• Broken Links. It’s another top reason for rejecting an app, so every developer should take this point seriously and make sure that they have working links leading to the contact information, terms & conditions and privacy policy.
  • Hardware Compatibility. Apple strongly encourages developers to create iPhone apps with the possibility to run it on iPad as well. Also, starting March 2019, all new iOS apps will need to support the all-screen design of iPhone XS Max or the 12.9-inch iPad Pro (3rd generation).
  • Software Compatibility. According to the recent stats from Apple, 72% of devices sold in the last four years are running iOS 12 as of December 2018. This fact is stressing out the importance of testing an app on devices running the latest software. And from March 2019 on, all iOS apps should be built with the iOS 12.1 SDK or later to be approved in the app store.
  • Privacy and User Data. Privacy is one of the most extensive parts of the guidelines. And everything around gathering and using personal user data is strictly regulated by Apple. The additional privacy requirements are applied to specific app categories, dealing with more sensitive personal information, such as health and fitness apps, apps and games for kids, and location services. Also, developers, who are planning to operate on the EU market, should check if they are GDPR-compliant.
  • Payments. In the case of the in-app purchases business model, developers have to set all transactions to be going through the official Apple in-app purchasing system. Other business models also have their specific requirements.
  • Placeholder or Incorrect Content. Even if the app should be released as soon as possible (for outpacing competitors or any other reason), the placeholder content is unacceptable in any form, so the submission of such an app will only waste more time. The same goes with an incorrect name, description, and screenshots.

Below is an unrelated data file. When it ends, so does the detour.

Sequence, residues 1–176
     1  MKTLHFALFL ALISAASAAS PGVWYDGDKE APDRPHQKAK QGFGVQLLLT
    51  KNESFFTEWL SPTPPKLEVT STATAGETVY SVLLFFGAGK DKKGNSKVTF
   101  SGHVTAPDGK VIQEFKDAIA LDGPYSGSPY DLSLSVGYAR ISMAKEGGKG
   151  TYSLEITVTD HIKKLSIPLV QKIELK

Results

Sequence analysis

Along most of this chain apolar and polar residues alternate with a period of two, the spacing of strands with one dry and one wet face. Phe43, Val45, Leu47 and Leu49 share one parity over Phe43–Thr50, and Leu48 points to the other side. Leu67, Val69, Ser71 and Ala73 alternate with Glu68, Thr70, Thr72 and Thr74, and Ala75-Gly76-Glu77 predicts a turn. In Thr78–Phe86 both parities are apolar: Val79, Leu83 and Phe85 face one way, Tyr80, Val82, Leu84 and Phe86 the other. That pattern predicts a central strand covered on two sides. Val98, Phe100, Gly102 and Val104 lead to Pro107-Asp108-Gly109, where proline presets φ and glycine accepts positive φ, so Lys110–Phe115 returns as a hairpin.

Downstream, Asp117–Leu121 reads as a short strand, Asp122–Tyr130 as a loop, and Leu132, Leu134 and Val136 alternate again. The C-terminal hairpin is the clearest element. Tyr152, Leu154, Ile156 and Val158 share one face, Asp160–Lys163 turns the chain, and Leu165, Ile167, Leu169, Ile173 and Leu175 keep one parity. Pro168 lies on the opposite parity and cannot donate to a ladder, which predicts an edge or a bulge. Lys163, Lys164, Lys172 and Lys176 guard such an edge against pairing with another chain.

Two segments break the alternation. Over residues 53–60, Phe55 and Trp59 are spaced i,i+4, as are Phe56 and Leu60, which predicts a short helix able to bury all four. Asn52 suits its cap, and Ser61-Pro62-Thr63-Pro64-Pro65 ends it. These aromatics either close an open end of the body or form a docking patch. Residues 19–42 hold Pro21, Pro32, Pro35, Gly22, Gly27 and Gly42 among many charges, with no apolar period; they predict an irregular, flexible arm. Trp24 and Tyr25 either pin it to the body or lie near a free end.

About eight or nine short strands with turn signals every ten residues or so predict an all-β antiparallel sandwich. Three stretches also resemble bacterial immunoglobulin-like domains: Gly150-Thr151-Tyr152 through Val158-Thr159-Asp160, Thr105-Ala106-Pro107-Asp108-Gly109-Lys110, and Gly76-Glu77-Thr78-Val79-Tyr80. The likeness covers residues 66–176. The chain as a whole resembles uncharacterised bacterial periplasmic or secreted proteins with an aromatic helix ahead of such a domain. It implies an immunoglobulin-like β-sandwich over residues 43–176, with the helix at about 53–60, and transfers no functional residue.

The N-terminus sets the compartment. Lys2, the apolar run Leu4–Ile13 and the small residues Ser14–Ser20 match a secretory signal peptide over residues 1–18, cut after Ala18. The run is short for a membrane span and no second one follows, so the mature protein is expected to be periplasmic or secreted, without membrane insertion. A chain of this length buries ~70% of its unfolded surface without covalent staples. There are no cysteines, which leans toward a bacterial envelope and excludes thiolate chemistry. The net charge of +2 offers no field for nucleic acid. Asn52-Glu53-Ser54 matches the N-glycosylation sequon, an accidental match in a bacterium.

• Low-quality UI. The creativity and innovations mean a lot for Apple and this is the reason for the annual Apple Design Awards in a variety of categories. Of course, it’s not necessary to create an app with the intention to get an award in the future, but the clean, well-thought-out and user-friendly interface is a sure step for the app to be approved. A good help in this process is Human Interface Guidelines.
  • Lack of Value. If back in 2012, Apple has only started to reject apps that copy other apps’ icons, now the process of app review is more in-depth and thorough. The copycats and apps that do not provide much functionality or content have low chances to be approved. So providing the real value for users is the starting point in the app development journey.

The next steps

After a thorough pre-submission process, a developer only has to submit the app and wait for updated status of the submission. App review usually takes two days. If for any reason, the reviewer rejects the app, there is always an opportunity to appeal to Apple through the Resolution Center. It can provide more information on what specific requirements were not followed by the rejected app.

Also, it worth noting that Apple has the traditional downtime window before the New Year when all new apps and app updates are not accepted. And this year’s downtime window is December 23-27.